Lockout, Day One: Manfred and Clark Speak, the Proposals MLB Won't Even Discuss, Timelines, More

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Lockout, Day One: Manfred and Clark Speak, the Proposals MLB Won’t Even Discuss, Timelines, More

Chicago Cubs

We made it, friends. We are through one day of the lockout. We can totally do this for another two months, right?

As expected, MLB Commissioner Rob Manfred and MLBPA Chief Tony Clark met with the media today, and the sets of comments are gathered here, here, here, and here, among other places. The notes:

⇒ Manfred defended the lockout as more or less the only way to apply “economic leverage” to create enough pressure to get an agreement done. He’s not necessarily ENTIRELY wrong about that, but I still haven’t seen anything in the reporting to indicate that the owners were actually trying to engage in reasonable discussion to come to a deal by December 1. Instead, looking back, it only looks more and more confirmed what we have thought since August: a lockout was always coming.

⇒ Clark’s response to the lockout and the argument that it was necessary is what you’d expect: “From the outset, it seems as if the league has been more interested in the appearance of bargaining than bargaining itself. The league was not required to declare a lockout. The decision to impose a lockout was a conscious decision made by the league. And contrary to the statement that imposing a lockout would be helpful in bringing negotiations to a conclusion, players consider it unnecessary and provocative. The lockout won’t pressure or intimidate players into a deal that they don’t believe is fair.”

⇒ The test will be whether things actually do move more quickly from here, as that is what Manfred has implied the lockout will help accomplish. I will believe it when I see negotiations take place this month. I’m not expecting any until mid-January at the earliest. Prove me wrong.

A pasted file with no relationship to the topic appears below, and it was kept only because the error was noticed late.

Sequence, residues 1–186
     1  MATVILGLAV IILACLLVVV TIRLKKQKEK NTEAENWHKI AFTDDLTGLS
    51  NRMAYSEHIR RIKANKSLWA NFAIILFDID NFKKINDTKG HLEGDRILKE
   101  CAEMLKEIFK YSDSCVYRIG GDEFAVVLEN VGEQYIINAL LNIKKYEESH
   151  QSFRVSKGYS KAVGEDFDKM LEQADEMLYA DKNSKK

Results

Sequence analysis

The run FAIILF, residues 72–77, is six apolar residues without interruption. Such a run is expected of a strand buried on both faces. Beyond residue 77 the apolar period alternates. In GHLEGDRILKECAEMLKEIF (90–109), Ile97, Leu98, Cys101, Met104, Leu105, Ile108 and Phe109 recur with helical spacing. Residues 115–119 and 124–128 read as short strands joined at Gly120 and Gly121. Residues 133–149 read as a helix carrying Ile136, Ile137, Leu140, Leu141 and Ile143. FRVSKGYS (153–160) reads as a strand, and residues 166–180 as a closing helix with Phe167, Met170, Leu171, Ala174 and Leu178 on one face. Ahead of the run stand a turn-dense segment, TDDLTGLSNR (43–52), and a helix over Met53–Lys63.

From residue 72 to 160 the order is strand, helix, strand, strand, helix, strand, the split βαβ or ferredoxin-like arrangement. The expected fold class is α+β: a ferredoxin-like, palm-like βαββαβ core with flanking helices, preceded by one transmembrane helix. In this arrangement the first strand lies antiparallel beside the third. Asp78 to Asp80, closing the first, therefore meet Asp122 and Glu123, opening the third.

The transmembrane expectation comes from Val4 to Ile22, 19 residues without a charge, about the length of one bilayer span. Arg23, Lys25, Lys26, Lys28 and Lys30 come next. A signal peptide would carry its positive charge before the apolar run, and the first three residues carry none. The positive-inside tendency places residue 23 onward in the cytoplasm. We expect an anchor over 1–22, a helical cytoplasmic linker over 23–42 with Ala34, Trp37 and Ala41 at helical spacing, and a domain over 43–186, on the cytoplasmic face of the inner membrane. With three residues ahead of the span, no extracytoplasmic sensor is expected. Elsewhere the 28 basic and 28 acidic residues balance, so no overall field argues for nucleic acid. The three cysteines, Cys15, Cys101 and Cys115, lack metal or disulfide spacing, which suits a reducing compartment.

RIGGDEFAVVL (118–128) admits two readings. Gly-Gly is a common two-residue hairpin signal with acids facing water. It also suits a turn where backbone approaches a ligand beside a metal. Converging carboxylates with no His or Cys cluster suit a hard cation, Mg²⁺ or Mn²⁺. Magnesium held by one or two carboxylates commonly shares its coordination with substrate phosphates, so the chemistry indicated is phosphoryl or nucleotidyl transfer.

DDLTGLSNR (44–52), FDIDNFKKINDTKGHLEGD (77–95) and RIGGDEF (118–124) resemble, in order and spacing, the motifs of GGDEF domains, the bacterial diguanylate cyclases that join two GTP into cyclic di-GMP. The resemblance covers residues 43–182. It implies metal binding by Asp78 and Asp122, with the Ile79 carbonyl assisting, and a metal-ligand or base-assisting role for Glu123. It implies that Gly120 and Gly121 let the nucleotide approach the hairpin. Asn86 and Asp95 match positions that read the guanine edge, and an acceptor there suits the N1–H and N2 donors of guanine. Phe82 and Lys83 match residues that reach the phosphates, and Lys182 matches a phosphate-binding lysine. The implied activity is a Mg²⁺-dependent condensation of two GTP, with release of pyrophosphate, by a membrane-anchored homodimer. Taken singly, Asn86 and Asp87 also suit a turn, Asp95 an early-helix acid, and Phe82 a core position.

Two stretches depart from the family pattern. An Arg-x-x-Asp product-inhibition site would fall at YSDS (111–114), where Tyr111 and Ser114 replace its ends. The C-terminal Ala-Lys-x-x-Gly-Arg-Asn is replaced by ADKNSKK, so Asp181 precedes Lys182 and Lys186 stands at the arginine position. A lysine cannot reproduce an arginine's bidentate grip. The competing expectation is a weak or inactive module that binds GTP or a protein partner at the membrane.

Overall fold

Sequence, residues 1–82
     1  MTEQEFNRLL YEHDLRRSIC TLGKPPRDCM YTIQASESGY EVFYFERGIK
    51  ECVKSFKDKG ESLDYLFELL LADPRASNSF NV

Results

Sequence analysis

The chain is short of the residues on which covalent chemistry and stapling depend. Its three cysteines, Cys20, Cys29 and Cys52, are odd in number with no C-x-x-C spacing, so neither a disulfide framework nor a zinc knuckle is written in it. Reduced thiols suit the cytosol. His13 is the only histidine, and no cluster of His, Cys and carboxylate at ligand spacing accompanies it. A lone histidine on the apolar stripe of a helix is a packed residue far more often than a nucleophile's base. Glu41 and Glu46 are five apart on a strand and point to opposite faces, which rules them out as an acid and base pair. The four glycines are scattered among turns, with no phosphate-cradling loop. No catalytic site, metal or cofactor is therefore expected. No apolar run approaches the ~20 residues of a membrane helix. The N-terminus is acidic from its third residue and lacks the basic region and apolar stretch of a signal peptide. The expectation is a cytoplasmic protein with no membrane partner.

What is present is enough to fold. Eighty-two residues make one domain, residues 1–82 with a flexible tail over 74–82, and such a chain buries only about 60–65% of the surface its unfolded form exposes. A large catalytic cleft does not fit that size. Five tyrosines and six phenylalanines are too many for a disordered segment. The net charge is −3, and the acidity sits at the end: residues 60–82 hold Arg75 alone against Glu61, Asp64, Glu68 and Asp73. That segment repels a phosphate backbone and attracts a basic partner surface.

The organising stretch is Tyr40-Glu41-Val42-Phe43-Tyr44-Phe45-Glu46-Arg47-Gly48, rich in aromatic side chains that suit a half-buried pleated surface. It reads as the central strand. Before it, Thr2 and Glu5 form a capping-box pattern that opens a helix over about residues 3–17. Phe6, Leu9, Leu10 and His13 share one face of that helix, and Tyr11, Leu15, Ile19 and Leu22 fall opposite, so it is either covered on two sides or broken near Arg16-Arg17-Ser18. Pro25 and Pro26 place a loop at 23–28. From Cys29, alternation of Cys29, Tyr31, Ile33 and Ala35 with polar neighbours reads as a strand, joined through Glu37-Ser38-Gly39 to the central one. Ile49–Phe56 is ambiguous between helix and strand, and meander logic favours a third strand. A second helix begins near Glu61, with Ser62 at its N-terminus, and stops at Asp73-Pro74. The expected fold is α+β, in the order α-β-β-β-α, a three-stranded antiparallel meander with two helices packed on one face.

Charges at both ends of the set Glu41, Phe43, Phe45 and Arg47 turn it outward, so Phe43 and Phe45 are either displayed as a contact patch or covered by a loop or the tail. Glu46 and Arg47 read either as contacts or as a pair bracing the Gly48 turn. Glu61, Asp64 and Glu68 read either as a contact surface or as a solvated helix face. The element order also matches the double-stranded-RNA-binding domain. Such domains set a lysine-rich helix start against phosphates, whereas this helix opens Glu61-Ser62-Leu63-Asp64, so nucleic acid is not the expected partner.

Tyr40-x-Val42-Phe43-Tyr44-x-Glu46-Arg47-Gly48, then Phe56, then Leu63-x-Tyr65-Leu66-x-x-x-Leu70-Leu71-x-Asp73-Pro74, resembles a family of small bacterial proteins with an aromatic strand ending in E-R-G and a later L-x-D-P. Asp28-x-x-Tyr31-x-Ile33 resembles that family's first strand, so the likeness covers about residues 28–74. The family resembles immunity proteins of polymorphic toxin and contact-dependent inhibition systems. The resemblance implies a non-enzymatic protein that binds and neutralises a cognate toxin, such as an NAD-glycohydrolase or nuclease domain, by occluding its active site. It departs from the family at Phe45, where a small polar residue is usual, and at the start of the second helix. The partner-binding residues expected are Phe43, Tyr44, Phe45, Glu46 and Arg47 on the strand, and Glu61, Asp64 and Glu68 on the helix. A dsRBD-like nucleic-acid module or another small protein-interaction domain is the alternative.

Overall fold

⇒ The way things wrapped yesterday was that MLB offered to make a counterproposal to the latest from the players ONLY if the players agreed first to drop their requests related to earlier free agency and arbitration, a higher luxury tax threshold, and changes to revenue-sharing between teams. In other words: most of the key things players want to see changed. So it’s not really all that difficult to see why the players didn’t proceed further from there. At present, MLB isn’t even willing to discuss any of that stuff.

⇒ The players’ free agency request, by the way, is reportedly extremely reasonable:

⇒ That’s really not that crazy. And the owners reportedly wouldn’t even have a conversation if that was a part of the discussion. Here’s how Manfred responded to that idea: “We already have teams in smaller markets that struggle to compete. Shortening the period of time that they control players makes it even harder for them to compete. It’s also bad for fans in those markets. The most negative reaction we have is when a player leaves via free agency …. Making it available earlier, we don’t see that as a positive.”

⇒ I’ve seen it mentioned multiple places that an agreement would have be completed by “early to mid-March” in order for a full season to be played, though I’m sure there’s a flexible range in there (because, if there is enough desperation, schedules can be changed). Even that would lead to a shortened Spring Training, though, and another season where we’re not sure if guys were fully stretched out, we’ll wonder about performance and health, etc. So … no. From where I sit, a deal needs to be done by the first week of February so that a normal-ish Spring Training can take place after a period of time for free agents to sign.

⇒ To that end, though: even though I fully expect the sides to take this thing right up to the “deadline,” I’ll keep dreaming about a lockout that lasts only a month or so. I don’t WANT to have this all shut down for two+ months …

⇒ In these final negotiations before the lockout, no one was focused on the many needed rules changes, by the way. Only the economic stuff.

⇒ There is not currently an expectation that there will be furloughs in front offices or at MLB, but that would be an additional layer of suck, if employees – after the layoffs and furloughs from last year – had to take unpaid time off because of the lockout.

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Author: Brett Taylor

Brett Taylor is the Editor and Lead Cubs Writer at Bleacher Nation, and you can find him on Twitter at @BleacherNation and @Brett_A_Taylor.